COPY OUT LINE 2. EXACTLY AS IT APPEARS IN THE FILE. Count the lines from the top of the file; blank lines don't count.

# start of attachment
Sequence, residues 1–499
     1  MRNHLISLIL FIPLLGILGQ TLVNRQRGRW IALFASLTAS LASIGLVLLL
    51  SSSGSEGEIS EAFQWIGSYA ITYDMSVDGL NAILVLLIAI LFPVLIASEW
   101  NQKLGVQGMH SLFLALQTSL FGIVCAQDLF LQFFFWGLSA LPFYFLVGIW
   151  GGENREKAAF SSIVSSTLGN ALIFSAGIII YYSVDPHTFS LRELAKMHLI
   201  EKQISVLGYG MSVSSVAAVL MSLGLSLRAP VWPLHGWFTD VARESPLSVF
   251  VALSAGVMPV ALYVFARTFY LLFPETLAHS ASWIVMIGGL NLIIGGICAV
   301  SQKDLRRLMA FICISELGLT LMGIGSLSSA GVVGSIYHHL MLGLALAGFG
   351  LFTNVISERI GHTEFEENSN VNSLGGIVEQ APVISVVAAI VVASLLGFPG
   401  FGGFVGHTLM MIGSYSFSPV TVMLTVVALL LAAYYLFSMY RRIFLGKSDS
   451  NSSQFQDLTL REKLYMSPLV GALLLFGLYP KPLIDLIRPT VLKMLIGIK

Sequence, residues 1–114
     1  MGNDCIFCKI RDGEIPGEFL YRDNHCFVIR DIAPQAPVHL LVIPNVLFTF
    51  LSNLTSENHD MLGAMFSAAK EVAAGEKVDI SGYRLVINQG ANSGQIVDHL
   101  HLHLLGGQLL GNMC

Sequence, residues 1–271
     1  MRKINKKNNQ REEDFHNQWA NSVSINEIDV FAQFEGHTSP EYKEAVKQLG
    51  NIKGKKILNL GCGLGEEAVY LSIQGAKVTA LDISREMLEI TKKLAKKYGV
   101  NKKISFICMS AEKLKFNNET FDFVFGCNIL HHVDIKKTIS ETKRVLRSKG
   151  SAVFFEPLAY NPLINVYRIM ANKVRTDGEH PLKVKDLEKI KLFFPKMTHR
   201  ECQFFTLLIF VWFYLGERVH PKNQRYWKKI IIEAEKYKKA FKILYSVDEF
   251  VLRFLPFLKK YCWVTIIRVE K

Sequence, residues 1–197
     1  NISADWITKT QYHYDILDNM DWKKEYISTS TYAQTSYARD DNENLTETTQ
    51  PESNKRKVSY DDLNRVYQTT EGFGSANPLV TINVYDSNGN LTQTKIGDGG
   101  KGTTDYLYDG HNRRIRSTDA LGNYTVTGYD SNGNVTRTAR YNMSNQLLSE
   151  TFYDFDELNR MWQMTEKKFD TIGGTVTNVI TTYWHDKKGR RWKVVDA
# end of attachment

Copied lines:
     1  MRNHLISLIL FIPLLGILGQ TLVNRQRGRW IALFASLTAS LASIGLVLLL